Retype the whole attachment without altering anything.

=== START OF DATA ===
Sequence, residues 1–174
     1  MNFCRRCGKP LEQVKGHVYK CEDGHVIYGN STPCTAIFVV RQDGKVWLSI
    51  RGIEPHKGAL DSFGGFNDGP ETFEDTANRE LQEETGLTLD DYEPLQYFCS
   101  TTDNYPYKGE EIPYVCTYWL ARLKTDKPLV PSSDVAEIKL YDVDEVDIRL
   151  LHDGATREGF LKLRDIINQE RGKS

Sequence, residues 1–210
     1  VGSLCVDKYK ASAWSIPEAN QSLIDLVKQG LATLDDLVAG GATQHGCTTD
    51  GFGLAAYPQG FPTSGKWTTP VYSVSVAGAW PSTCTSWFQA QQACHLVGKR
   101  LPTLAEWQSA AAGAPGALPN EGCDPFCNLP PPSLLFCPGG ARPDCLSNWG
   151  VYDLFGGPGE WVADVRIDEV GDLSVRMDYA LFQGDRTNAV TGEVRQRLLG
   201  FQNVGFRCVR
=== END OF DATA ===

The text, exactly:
Sequence, residues 1–174
     1  MNFCRRCGKP LEQVKGHVYK CEDGHVIYGN STPCTAIFVV RQDGKVWLSI
    51  RGIEPHKGAL DSFGGFNDGP ETFEDTANRE LQEETGLTLD DYEPLQYFCS
   101  TTDNYPYKGE EIPYVCTYWL ARLKTDKPLV PSSDVAEIKL YDVDEVDIRL
   151  LHDGATREGF LKLRDIINQE RGKS

Sequence, residues 1–210
     1  VGSLCVDKYK ASAWSIPEAN QSLIDLVKQG LATLDDLVAG GATQHGCTTD
    51  GFGLAAYPQG FPTSGKWTTP VYSVSVAGAW PSTCTSWFQA QQACHLVGKR
   101  LPTLAEWQSA AAGAPGALPN EGCDPFCNLP PPSLLFCPGG ARPDCLSNWG
   151  VYDLFGGPGE WVADVRIDEV GDLSVRMDYA LFQGDRTNAV TGEVRQRLLG
   201  FQNVGFRCVR